“Not only do carbon offsets support natural climate solutions, like reforestation… the businesses that invest in them tend to take their climate commitments seriously. The CDP Climate Change Report 2016 found that companies that bought voluntary carbon credits also made more ambitious emissions cuts compared with companies that did not…. [Offsets] are not just a one-to-one trade for dodging emissions cuts. Carbon trading brings in lower-cost options from nature, enabling much more climate mitigation ‘bang for the buck.’”

Despite growing public wariness about this new sector, carbon offsets are crucial tools in saving the world as we know it.

For example, Verra, one of the world’s most widely used offset providers, has registered nearly 1,700 projects to date, reducing 582 million tonnes (about 641,545,183 tons) of GHGs.3

Organizations like Carbonfund.org are doing everything they can to strengthen public trust in this mitigation alternative, and increase access and engagement.

An 8 Billion trees graphic showing where carbon dioxide goes, with 45% of carbon going to soil organic matter, 40% to tree trunks and branches, 13% to tree roots, and 1% to wood debris.

Carbonfund.org: Improving Scale and Transparency in the Carbon Marketplace

Two main incidents recently inspired doubt about the carbon marketplace’s trustworthiness and efficacy.

The first involves Mark Carney, the United Nations Special Envoy on Climate Action and Finance. A group Carney leads, known as the Taskforce on Scaling Voluntary Carbon Markets, published details on the expansion of the global carbon offsets market last year.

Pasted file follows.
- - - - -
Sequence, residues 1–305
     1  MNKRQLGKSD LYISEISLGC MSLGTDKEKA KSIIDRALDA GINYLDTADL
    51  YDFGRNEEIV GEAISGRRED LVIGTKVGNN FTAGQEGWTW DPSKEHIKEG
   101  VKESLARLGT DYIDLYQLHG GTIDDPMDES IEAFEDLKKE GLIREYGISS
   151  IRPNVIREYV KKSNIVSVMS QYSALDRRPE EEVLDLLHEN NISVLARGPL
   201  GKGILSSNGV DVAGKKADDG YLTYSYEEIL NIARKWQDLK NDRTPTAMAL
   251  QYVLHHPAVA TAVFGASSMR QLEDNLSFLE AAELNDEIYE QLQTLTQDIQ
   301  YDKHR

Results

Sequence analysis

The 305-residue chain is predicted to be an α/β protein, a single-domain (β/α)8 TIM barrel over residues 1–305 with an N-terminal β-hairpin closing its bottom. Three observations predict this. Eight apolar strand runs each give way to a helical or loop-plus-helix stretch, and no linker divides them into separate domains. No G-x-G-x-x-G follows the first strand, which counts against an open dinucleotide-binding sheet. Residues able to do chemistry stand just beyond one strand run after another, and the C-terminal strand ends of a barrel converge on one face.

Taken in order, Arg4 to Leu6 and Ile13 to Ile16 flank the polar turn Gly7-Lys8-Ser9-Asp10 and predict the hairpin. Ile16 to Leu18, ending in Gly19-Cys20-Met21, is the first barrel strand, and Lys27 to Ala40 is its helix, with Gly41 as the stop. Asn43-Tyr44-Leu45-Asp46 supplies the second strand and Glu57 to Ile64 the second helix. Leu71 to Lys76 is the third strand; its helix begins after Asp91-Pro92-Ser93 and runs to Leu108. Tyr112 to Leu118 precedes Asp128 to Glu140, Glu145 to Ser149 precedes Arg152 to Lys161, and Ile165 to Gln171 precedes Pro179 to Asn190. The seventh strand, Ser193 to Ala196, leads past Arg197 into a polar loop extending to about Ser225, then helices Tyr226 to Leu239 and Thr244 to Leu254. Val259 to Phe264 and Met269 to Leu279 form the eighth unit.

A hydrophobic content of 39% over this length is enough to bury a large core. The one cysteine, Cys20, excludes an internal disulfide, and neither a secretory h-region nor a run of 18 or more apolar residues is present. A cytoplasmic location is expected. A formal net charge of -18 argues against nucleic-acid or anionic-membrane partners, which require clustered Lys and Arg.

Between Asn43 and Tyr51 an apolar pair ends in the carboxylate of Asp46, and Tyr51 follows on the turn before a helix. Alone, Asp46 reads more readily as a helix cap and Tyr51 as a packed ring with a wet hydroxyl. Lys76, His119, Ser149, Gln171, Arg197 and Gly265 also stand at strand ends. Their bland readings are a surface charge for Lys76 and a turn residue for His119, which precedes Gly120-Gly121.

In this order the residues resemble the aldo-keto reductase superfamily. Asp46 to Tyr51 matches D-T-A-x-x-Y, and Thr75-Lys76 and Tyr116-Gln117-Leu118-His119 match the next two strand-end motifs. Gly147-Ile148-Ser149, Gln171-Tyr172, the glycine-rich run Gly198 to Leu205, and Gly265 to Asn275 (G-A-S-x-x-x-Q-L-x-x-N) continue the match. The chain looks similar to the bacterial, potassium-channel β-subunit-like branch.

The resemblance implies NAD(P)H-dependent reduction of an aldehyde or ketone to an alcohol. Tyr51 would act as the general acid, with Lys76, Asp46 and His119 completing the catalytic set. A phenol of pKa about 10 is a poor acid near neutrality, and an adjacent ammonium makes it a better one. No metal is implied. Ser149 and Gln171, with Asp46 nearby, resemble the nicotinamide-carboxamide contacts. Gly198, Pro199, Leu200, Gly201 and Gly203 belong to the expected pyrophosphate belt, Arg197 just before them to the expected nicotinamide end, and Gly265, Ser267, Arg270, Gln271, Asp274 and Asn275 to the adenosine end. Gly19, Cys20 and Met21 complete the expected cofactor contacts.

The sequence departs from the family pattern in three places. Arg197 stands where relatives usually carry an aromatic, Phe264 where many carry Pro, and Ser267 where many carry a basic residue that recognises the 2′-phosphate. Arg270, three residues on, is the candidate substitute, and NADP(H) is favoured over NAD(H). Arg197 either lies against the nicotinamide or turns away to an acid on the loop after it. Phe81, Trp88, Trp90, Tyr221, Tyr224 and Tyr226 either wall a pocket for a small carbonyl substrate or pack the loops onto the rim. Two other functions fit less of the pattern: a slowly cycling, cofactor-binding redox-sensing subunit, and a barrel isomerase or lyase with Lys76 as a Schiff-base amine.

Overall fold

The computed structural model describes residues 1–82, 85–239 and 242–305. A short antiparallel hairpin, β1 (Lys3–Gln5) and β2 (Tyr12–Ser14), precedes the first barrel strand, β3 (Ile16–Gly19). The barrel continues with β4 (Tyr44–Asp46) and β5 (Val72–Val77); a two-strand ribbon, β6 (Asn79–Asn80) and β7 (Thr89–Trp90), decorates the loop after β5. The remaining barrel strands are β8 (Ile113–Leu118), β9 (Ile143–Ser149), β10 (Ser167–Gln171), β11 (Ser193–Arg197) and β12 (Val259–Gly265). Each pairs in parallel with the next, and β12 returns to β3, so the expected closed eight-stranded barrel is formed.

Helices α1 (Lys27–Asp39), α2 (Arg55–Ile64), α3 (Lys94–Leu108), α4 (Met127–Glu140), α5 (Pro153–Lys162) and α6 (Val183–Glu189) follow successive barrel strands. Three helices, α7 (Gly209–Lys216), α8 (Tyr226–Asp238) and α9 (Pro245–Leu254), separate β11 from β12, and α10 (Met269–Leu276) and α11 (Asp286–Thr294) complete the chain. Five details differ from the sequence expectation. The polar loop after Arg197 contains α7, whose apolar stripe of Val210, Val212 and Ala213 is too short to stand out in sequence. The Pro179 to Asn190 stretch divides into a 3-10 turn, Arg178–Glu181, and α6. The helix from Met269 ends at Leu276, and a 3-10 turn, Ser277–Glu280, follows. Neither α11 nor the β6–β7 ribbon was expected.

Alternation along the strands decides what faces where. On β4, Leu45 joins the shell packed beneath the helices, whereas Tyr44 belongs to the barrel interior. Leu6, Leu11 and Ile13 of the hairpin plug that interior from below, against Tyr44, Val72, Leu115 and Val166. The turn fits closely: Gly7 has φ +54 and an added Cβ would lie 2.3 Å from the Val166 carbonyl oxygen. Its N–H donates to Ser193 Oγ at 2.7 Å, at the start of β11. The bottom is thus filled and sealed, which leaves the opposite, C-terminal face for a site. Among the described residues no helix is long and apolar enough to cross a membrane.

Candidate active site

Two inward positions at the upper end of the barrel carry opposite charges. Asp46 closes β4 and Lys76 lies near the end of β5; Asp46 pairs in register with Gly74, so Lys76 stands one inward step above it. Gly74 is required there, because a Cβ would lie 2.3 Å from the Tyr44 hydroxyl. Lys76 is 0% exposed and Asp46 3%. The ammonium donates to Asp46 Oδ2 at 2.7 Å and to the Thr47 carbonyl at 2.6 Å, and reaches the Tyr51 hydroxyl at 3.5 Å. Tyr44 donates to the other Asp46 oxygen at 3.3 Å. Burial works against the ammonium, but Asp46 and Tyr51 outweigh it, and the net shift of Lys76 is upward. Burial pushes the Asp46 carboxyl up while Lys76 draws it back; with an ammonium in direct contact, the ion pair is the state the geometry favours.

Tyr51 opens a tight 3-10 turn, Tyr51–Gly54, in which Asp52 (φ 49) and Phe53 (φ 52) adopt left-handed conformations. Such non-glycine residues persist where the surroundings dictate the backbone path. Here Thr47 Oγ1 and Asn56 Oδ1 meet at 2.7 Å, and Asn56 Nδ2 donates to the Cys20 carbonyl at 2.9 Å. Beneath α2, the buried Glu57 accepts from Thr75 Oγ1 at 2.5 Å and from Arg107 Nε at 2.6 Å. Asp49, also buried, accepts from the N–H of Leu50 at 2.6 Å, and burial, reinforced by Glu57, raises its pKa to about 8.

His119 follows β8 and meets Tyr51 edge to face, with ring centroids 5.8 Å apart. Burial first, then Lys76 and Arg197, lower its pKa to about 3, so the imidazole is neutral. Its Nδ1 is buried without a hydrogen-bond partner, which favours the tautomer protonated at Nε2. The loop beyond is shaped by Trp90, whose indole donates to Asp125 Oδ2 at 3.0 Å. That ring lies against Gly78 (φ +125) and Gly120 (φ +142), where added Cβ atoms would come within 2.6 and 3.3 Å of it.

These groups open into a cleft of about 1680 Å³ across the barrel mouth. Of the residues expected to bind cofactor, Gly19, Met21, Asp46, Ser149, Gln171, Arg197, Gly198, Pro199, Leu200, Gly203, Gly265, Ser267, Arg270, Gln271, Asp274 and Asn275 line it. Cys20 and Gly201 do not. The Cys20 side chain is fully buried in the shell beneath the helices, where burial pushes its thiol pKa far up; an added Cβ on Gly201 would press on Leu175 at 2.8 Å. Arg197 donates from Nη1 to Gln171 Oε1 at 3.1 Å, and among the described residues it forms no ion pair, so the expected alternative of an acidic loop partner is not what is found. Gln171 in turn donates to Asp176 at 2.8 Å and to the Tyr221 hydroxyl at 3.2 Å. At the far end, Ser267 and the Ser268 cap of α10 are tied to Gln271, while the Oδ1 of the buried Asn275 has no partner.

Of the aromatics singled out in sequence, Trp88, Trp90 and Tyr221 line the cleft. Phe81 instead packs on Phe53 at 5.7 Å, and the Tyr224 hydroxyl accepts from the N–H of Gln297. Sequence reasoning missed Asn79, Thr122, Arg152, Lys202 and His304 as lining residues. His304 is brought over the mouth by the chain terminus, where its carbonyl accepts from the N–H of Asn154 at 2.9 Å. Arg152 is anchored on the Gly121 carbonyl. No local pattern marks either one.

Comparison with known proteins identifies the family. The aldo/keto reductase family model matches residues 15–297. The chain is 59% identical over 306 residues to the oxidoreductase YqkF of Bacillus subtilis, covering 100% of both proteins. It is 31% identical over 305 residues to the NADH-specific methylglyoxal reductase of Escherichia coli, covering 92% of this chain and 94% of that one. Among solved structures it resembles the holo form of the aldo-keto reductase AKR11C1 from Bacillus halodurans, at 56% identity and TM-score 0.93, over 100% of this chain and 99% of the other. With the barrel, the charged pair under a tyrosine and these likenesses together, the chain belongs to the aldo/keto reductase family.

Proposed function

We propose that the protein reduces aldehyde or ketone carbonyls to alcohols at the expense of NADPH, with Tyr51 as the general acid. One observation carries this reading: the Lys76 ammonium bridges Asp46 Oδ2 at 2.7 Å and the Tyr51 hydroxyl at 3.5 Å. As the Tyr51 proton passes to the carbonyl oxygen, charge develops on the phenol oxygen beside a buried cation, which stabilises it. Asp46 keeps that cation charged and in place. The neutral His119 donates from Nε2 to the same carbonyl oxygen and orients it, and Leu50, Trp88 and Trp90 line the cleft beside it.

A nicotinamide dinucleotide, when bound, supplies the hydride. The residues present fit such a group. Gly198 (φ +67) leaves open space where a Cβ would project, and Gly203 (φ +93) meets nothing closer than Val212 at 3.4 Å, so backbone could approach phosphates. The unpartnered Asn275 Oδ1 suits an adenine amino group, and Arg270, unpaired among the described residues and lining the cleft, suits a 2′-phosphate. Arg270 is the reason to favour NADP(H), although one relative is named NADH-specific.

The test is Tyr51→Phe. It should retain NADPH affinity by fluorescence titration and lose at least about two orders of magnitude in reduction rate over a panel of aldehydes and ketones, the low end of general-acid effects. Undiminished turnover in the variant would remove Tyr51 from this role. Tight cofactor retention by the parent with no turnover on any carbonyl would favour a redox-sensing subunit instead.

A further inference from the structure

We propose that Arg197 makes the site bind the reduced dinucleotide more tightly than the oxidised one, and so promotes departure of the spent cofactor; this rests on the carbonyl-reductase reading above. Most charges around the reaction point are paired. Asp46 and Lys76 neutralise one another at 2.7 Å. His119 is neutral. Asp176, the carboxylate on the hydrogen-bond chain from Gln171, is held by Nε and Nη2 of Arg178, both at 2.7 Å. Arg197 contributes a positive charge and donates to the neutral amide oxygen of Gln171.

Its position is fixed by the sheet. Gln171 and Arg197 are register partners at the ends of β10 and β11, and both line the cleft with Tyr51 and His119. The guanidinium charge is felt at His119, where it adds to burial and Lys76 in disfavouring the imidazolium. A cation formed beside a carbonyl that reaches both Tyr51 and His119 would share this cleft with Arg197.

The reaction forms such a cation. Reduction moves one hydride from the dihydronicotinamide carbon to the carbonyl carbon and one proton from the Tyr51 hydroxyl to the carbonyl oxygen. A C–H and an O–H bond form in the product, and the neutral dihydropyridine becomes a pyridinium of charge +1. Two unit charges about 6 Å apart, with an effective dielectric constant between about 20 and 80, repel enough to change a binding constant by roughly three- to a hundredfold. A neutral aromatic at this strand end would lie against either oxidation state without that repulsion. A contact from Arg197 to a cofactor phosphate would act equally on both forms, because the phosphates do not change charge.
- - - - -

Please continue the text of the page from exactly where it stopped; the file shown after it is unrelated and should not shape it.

In September 2020, the group published a press release indicating that Carney and a “private sector-led taskforce” would begin scaling the VCM, or voluntary carbon market, to help it reach the goals agreed upon in the Paris Climate Agreement. The ultimate aim is to help the global market become “well-functioning” and achieve carbon neutral, and eventually, net negative status.

The release states, “To meet this growing demand the current market will need to scale at least 15x, and potentially 160x.”4

Carney asserted, “To achieve net zero, they will need to decarbonize and many will need to offset some emissions as part of the transition, creating a surge in demand for offsets.”

This large demand and lofty goals are causing some people to doubt if a net-zero world is achievable. That’s why ecological offsets have risen in popularity. Ecological offsets are verified carbon credits that also make a positive ecological impact, working towards healing degraded areas and saving endangered wildlife.7

Carbonfund.org and related organizations, however, understand this need better than ever before. This is why the company focuses on three types of climate innovation: